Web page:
13. The apparatus of claim 12, wherein the stem further includes a substantially U-shaped cut-out portion formed in an outer wall of the stem and defining a tab of the stem, and wherein the lip is coupled to the tab.
14. The apparatus of claim 1, wherein the pin includes a spring-loaded threaded screw at an end thereof.
15. An apparatus for securing a sensor to a surgical instrument for use in computer guided orthopaedic surgery, the apparatus comprising:
a support arm configured to support the sensor, and
a stem having a first end and a second end, wherein (i) the first end of the stem is secured to the support arm, (ii) the second end of the stem is expandable between a first position in which the second end of the stem has a first width and a second position in which the second end of the stem has a second, larger width, and (iii) a passageway is defined in an inner sidewall of the stem, and (iv) the inner sidewall of the stem is tapered at the second end of the stem, and
a pin configured to move the second end of the stem from the first position to the second position, wherein (i) the pin has a tapered end, and (ii) insertion of the pin into the passageway causes the tapered end of the pin to engage the tapered inner sidewall of the stem to move the second end of the stem from the first position to the second position.
16. The apparatus of claim 15, wherein:
the passageway defines a first opening at the second end of the stem when the second end of the stem is positioned in the first position, and
the passageway defines a second opening at the second end of the stem when the second end of the stem is positioned in the second position, the second opening being larger than the first opening.
17. The apparatus of claim 15, wherein the support arm is a first support arm, the apparatus further comprising:
a second support arm secured to the first end of the stem and a third support arm secured to the first end of the stem.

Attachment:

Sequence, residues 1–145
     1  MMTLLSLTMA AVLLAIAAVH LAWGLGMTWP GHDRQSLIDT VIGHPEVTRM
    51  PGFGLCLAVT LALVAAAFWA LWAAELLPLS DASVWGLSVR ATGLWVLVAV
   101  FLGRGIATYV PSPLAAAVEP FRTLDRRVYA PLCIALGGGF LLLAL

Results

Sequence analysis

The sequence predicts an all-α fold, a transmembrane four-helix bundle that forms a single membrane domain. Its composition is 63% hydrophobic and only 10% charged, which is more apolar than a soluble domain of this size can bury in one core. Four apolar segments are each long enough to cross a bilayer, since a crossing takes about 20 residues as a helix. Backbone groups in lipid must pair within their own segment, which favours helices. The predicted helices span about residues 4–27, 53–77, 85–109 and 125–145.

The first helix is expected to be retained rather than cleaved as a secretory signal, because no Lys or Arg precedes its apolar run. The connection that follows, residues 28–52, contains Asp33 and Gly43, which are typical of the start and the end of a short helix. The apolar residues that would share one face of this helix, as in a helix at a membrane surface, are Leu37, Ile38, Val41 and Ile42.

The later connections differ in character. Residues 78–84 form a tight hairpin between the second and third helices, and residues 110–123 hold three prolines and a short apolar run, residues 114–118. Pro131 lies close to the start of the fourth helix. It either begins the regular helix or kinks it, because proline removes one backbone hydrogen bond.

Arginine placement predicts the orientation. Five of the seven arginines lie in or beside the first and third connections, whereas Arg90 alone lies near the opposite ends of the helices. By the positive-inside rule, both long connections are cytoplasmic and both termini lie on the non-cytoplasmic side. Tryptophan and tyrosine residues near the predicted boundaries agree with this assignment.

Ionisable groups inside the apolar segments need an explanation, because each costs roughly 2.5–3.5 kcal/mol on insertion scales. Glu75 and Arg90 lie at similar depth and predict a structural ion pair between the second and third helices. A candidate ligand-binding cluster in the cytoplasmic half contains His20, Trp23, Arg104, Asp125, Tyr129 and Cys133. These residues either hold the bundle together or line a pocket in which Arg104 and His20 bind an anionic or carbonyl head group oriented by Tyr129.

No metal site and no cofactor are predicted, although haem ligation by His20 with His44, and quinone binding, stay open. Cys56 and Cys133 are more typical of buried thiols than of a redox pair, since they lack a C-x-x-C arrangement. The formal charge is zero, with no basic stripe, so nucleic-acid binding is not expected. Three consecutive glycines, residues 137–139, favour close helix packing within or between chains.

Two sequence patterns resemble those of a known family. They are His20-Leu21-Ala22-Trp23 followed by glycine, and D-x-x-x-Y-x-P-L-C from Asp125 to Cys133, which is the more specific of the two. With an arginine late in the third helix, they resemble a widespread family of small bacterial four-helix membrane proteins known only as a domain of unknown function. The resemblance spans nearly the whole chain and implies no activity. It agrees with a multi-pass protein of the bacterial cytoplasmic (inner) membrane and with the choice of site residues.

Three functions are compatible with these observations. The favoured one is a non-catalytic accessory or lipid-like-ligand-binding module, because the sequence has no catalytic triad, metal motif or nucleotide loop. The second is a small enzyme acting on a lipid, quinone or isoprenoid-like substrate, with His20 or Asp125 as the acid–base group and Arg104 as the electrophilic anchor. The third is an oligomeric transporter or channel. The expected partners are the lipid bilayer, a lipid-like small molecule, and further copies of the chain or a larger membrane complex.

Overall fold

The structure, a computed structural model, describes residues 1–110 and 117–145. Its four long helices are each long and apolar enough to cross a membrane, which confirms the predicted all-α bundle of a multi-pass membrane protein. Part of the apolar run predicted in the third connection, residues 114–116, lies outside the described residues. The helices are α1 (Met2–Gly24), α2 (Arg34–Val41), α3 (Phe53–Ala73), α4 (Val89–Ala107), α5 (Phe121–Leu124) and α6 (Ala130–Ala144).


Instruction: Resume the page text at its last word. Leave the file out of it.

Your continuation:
18. The apparatus of claim 17, wherein the first, second, and third support arms each include a threaded shah configured to receive the sensor for use in computer guided orthopaedic surgery.
19. The apparatus of claim 15, wherein the second end of the stem has a pair of longitudinal slots defined therein.
20. The apparatus of claim 19, wherein each of the pair of longitudinal slots extends from the second end of the stem toward the first end of the stem a distance less than half a length of the stem.
21. The apparatus of claim 15, wherein the stem is substantially cylindrical in shape and has a lobe extending outwardly from the second end thereof.
22. The apparatus of claim 15, wherein the second end of the stem is tear-drop shaped.
23. The apparatus of claim 15, wherein the stem and the support arm are each constructed with a plastic material selected from the group consisting of: acrylic, epoxy, polyester, polypropylene, polyurethane, polyethylene, polycarbonate, polystyrene, polysulfone, polyetherimide, polyethersulfone, polyphenylsulfone, polyphenylsulfide, acrylonitrile-butadiene-styrene polymer, and polyetheretherketone.
24. The apparatus of claim 15, wherein the stem and the support arm are each constructed with polycarbonate plastic.
Descripción
FIELD OF THE DISCLOSURE

The present disclosure relates generally to a sensor used in computer guided orthopaedic surgery, and more specifically to coupling devices use in computer guided orthopaedic surgery.

BACKGROUND

Many computer guided orthopaedic surgical procedures are based on determining the position of bones, and relating this position into the computer via some type of ultrasonic, magnetic resonance, or optical sensor. A similar sensor is attached or contained within the surgical instrument and subsequently guided via a computer into the desired position within the patient. U.S. Patents and patent Publications relating to computer guided surgery include U.S. Pat. No. 5,520,694 and U.S. Patent Application Publication Nos. 2003/0153978 A1 and 2003/01538829 A1, each of which is hereby incorporated by reference. Similar computer guided navigation systems are disclosed in U.S. Pat. Nos. 6,514,259; 6,434,507; 6,428,547; 6,424,856; 6,351,659; 6,223,067; 6,187,018; 6,178,345; 5,889,834; 5,769,861; 5,702,406; 5,643,268; and 5,628,315, along with U.S. Patent Application Publication No. 2002/0038118 A1, each of which is hereby incorporated by reference. The accuracy of this guidance is dependent on various factors including, for example, computer hardware and software resolution, the location of the sensor on the surgical instrument, and manufacturing tolerances of the sensor and its attachment mechanism to the surgical instrument.